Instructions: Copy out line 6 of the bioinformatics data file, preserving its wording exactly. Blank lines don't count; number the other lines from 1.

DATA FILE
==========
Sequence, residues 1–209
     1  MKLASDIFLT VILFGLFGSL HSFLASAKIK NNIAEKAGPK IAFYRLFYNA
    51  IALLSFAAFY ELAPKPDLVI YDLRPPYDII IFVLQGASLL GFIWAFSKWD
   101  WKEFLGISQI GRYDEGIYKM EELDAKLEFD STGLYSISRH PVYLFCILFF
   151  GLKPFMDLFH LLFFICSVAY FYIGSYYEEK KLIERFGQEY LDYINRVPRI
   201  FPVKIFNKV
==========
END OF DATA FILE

   201  FPVKIFNKV